Michal Herzog salutes diversity at awards ceremony

On Monday, President Isaac Herzog sat and listened as his wife Michal delivered the main address at the awards ceremony for diversity in advertising and marketing campaigns.

Michal Herzog (photo credit: MARC ISRAEL SELLEM/THE JERUSALEM POST)
Michal Herzog
(photo credit: MARC ISRAEL SELLEM/THE JERUSALEM POST)

The last president to sit in the audience at an awards event at the President’s Residence and listen to his wife give the keynote address was Chaim Herzog, who listened as his wife, Aura, the founder of the Council for a Beautiful Israel, lavished praise at an awards event on the factory plants that had beautified their premises and the immediate surrounds. 

On Monday of this week, Herzog’s youngest son, President Isaac Herzog, sat and listened as his wife, Michal, delivered the main address at the awards ceremony for diversity in advertising and marketing campaigns.

Michal Herzog was a natural choice as she has spent many years promoting social diversity. This was the purpose of a competition among companies from all branches of Israel’s economy. 

Overseeing the adjudicating committee was the Advertising Agencies’ Association of Israel. 

The idea, according to Michal Herzog, was to make people from all strata of Israeli society see themselves in advertising and marketing campaigns in traditional media as well as in social media and in-house publications – and in doing so, to realize that each is an integral part of Israel.

One of the winning companies prided itself on the fact that it was the first in Israel to knowingly employ two men who are married to each other. Members of the gay community are also part of the diversity of Israeli society, no less than Arabs, ultra-Orthodox and people of color, most of whom were either born in Ethiopia or are of Ethiopian parentage.

Michal Herzog, the wife of Israel's President Isaac Herzog, visited a disabled veteran who set himself on fire at a Defense Ministry office in April. (credit: OFFICE OF THE PRESIDENT)Michal Herzog, the wife of Israel's President Isaac Herzog, visited a disabled veteran who set himself on fire at a Defense Ministry office in April. (credit: OFFICE OF THE PRESIDENT)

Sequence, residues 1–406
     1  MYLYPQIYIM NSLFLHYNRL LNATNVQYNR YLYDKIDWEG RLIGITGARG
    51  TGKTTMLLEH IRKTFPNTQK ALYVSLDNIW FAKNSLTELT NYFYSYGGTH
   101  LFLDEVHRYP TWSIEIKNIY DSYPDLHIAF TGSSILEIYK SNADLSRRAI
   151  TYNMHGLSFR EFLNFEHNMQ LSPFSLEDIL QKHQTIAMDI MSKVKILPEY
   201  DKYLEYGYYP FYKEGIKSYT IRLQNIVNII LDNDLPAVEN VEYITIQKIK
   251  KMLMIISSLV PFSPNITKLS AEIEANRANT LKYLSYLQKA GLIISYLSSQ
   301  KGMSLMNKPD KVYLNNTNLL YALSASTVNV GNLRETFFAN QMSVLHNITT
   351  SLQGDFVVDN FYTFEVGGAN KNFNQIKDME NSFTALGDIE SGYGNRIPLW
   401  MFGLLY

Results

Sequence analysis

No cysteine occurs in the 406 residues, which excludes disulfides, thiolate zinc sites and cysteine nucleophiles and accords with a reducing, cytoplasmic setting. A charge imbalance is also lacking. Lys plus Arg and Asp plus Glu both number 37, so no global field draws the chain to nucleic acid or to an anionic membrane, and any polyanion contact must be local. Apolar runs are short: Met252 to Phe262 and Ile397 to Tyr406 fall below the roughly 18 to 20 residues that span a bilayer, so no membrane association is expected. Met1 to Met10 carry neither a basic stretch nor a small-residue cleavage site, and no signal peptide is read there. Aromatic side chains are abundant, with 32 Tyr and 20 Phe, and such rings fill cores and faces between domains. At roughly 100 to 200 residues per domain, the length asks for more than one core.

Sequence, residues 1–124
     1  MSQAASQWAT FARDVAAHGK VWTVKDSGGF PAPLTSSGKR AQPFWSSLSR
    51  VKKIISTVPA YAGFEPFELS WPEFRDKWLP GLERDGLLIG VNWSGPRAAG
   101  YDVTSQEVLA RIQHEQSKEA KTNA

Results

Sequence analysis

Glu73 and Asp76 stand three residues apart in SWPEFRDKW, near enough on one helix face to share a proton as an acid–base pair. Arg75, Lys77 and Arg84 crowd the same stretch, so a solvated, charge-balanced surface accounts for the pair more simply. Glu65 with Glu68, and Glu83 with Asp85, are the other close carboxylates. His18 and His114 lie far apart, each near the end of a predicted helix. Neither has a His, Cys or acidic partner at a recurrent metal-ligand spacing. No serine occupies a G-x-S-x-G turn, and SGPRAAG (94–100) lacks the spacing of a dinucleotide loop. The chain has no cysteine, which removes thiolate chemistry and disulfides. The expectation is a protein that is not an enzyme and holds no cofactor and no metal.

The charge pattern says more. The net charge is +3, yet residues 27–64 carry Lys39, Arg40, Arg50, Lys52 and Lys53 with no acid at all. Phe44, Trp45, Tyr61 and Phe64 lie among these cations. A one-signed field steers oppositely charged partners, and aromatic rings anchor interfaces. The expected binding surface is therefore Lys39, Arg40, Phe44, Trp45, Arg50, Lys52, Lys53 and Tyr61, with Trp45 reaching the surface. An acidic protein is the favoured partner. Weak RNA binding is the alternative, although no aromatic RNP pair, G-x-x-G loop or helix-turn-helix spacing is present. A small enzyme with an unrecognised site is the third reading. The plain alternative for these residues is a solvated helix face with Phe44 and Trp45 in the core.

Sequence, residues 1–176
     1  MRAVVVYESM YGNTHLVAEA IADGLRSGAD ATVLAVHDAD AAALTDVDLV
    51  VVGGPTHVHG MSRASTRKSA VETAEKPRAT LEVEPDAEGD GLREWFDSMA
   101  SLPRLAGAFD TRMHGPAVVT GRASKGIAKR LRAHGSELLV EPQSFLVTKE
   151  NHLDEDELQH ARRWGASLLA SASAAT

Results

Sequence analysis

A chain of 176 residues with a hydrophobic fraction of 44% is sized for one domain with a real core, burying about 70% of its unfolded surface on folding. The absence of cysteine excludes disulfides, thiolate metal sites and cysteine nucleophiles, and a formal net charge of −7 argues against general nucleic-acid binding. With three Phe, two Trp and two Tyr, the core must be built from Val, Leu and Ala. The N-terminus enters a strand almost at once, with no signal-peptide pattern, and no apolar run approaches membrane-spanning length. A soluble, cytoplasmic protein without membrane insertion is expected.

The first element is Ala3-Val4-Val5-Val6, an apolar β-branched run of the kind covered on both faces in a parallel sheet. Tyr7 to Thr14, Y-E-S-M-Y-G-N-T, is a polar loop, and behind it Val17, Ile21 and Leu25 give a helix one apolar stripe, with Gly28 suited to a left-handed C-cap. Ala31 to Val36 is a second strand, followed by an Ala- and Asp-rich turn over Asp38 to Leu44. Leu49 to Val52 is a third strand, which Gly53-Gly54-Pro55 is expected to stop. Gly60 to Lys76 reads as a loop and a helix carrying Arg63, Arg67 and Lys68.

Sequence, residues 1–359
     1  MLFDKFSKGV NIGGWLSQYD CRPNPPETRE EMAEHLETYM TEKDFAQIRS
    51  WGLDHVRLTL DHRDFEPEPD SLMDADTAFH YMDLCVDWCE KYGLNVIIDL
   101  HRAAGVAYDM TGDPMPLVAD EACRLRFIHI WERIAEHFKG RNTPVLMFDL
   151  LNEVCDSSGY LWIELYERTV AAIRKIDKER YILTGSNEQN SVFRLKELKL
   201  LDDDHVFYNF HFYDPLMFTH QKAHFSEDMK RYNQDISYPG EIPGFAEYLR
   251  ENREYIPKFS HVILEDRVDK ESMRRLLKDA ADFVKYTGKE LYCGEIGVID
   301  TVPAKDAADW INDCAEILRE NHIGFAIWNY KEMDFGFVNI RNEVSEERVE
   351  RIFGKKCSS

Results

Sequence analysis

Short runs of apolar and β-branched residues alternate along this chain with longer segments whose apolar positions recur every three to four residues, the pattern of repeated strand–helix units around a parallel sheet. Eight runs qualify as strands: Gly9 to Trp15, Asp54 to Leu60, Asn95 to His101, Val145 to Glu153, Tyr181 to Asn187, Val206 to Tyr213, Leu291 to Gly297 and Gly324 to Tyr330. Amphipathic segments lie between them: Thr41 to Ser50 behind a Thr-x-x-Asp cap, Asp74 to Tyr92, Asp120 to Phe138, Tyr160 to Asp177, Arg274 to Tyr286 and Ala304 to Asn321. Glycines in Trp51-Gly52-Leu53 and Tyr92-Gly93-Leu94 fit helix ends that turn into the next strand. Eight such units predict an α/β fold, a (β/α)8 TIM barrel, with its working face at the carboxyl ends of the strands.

Among the other winners was Delta, whose late founder, Dov Lautman, was a pioneer of social diversity and equal opportunity. The company is still guided by that philosophy.

Another winning company, Aroma, makes a point of employing people with mental or physical disabilities on the premise, showing that someone who has mobility problems can still be a good accountant, and someone who is intellectually under-developed can still do a great job waiting on tables, cooking or cleaning. The purpose is to make them feel useful and respected. When they are praised and encouraged, the natural inclination is to do better, and untapped potential often comes to the fore. There were too many winners to mention here, but one said she hoped the day would come when there would be no need to give prizes of this nature to marketing campaigns because the inclusion of people from all sectors of society would be the norm and not the exception to the rule.

There were too many winners to mention here, but one said she hoped the day would come when there was no need to give prizes of this nature to marketing campaigns because the inclusion of people from all sectors of society would be the norm and not the exception to the rule.

Herzog pointed out in her address that diversity is the engine of social change because it reflects Israeli reality.

“Social change begins with what you see,” she said, adding that social change provides more opportunities for all components of society.

In advocating social change, Herzog emphasized that profitability is not everything.

“Our richness as a nation can be seen in social diversity, which is also the source of our strength.”